|Making short work of the sole defendant ....|
Folly argued that there was no double-identity infringement since the respective marks weren't identical: his was actually "Stalker Tackle" plus the T-shaped angler, while Fox's trade mark was really FOX STALKER because it used STALKER together with the prefix FOX. In any event, he said, "stalker" is a generic term, so Fox's mark was invalid in the first place. Finally, if all else failed, there was no infringement since his use of the word "stalker" was not an indication of origin, being purely descriptive, "stalking being an angling term for "mobile fishing".
This uncomfortably weak array of arguments might lead the reader to suspect that Folly was well named, unless he had rock-solid evidence on which to support his contentions (which he did not). The extent of his folly can be further gauged from the fact that he represented himself -- even though the judge encouraged him at the case management conference to get himself some legal representation. Any IP lawyer, receiving instructions from him on these facts, would probably have said something along the lines of "give up, come out quietly with your hands raised high above your head and say 'Don't shoot! I'm sorry, I won't do it again ...'" A lawyer's advice at that stage would surely be less expensive than the cost to him of contesting the incontestable.
As it was, Judge Birss QC was as kind and gentle to Folly as one could ever hope for, seeing as he was giving judgment for Fox. In his view:
- Fox didn't use the word STALKER only in tandem with the word FOX -- but it frankly didn't matter whether the company did or not since double-identity infringement under Article 9(1)(a) is measured with regard to the mark which is registered -- and that was the word STALKER alone.
- Folly used the word STALKER alone, and that word was plainly identical to Fox''s trade mark. However, Folly's device wasn't just the word "stalker" -- it was a sort of "stalker-plus" because it included a striking image of an angler with a rod, which was not identical to Fox's STALKER word mark. This didn't help Folly, though, since he used the word "stalker" as a badge of origin for products which he wasn't just describing but was selling. For example his website stated "Welcome to the Stalker website" and "We will be adding to our range..." and the "We" clearly referred back to "Stalker" and showed that, to someone viewing the site, "Stalker" referred to the entity from which the goods originated. No-one looking at Folly's website or eBay pages would think he was using the word in a descriptive sense. This was real Article 9(1)(a) infringement and there was no defence of honest descriptive use.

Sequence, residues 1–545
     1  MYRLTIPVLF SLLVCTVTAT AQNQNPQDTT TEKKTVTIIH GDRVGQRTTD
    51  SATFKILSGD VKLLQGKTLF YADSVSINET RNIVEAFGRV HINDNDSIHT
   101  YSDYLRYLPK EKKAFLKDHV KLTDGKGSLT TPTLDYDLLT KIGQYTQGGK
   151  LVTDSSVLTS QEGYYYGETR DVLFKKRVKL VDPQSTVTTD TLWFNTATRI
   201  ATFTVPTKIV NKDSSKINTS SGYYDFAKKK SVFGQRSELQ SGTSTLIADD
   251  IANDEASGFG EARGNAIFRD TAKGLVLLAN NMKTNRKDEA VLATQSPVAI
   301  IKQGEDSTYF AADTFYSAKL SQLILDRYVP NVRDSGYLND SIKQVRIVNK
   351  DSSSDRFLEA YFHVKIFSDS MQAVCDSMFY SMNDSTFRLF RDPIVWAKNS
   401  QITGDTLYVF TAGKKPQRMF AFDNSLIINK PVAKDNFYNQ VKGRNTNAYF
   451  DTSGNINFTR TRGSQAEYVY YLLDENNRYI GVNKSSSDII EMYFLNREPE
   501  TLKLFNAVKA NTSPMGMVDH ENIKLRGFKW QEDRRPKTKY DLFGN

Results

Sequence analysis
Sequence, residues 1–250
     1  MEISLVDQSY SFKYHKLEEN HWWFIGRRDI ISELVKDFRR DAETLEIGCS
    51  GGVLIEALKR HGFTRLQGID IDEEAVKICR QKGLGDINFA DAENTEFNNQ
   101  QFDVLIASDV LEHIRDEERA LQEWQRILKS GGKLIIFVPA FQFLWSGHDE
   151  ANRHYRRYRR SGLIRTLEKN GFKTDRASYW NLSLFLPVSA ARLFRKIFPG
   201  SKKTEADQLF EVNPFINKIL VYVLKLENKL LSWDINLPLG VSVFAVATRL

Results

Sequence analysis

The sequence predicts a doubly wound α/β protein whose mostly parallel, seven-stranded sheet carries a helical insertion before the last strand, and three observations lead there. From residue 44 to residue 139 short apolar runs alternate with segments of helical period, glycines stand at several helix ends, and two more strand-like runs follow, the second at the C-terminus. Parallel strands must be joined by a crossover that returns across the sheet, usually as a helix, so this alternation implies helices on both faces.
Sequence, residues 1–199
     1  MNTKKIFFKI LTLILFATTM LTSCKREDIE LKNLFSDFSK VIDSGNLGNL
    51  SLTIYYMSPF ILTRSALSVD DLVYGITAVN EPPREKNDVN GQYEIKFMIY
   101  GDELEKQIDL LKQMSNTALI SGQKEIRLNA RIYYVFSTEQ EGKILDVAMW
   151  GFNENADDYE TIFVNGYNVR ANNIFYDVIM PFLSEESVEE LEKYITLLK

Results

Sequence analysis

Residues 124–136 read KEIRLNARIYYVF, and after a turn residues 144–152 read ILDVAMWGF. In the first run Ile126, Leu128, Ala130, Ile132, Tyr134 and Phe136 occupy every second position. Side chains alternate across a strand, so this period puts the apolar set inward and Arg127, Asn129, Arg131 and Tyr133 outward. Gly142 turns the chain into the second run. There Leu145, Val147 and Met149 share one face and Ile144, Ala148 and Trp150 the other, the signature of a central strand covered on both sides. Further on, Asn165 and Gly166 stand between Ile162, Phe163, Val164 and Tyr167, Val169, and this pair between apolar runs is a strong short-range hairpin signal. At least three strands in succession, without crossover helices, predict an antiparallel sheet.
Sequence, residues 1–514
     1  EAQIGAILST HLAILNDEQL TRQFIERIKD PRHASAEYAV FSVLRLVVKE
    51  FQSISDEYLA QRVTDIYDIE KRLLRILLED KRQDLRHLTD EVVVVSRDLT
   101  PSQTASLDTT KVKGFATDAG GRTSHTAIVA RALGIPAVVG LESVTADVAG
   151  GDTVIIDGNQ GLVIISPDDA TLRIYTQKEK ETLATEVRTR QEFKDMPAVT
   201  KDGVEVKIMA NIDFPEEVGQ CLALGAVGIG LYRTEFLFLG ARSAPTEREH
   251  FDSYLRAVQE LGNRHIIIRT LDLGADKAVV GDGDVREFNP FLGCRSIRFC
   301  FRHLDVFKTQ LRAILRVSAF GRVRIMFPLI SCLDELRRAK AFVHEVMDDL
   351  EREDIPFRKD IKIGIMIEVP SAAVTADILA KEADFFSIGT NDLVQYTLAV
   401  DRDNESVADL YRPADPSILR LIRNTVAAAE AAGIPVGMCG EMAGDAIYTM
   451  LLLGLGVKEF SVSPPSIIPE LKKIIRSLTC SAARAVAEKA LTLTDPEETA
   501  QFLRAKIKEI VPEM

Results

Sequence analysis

- As for 'likelihood-of-confusion' infringement, it had to be asked if Folly's use of his mark without the word 'Tackle' (the usual way he used it) gave rise to a likelihood of confusion. The average purchaser of fishing goods who was familiar with Fox's products would generally associate them with its FOX mark, but would also be aware that Fox's goods were often just marked STALKER. It's actually more difficult to spot a sign that's missing (e.g. where there's no FOX with the STALKER) than spotting the presence of one that's there. Even if a purchaser spotted the absence of the word FOX on Folly's goods, the impact of that revelation would not be enough to negate his natural assumption that Folly's goods came from the same source as the STALKER goods which he already knew about. Folly's attractive little device therefore created a likelihood of confusion.
- There was no evidence that Fox's STALKER mark was or had become a common name in the trade for angling kit in result of either Fox's acts or omissions, which would have given Folly an escape route under Article 51 of the Regulation. Nor could it be argued that STALKER was not inherently distinctive and thus vulnerable to an invalidity attack under Article 52.
Deceptive mark? Where a fox is a bear here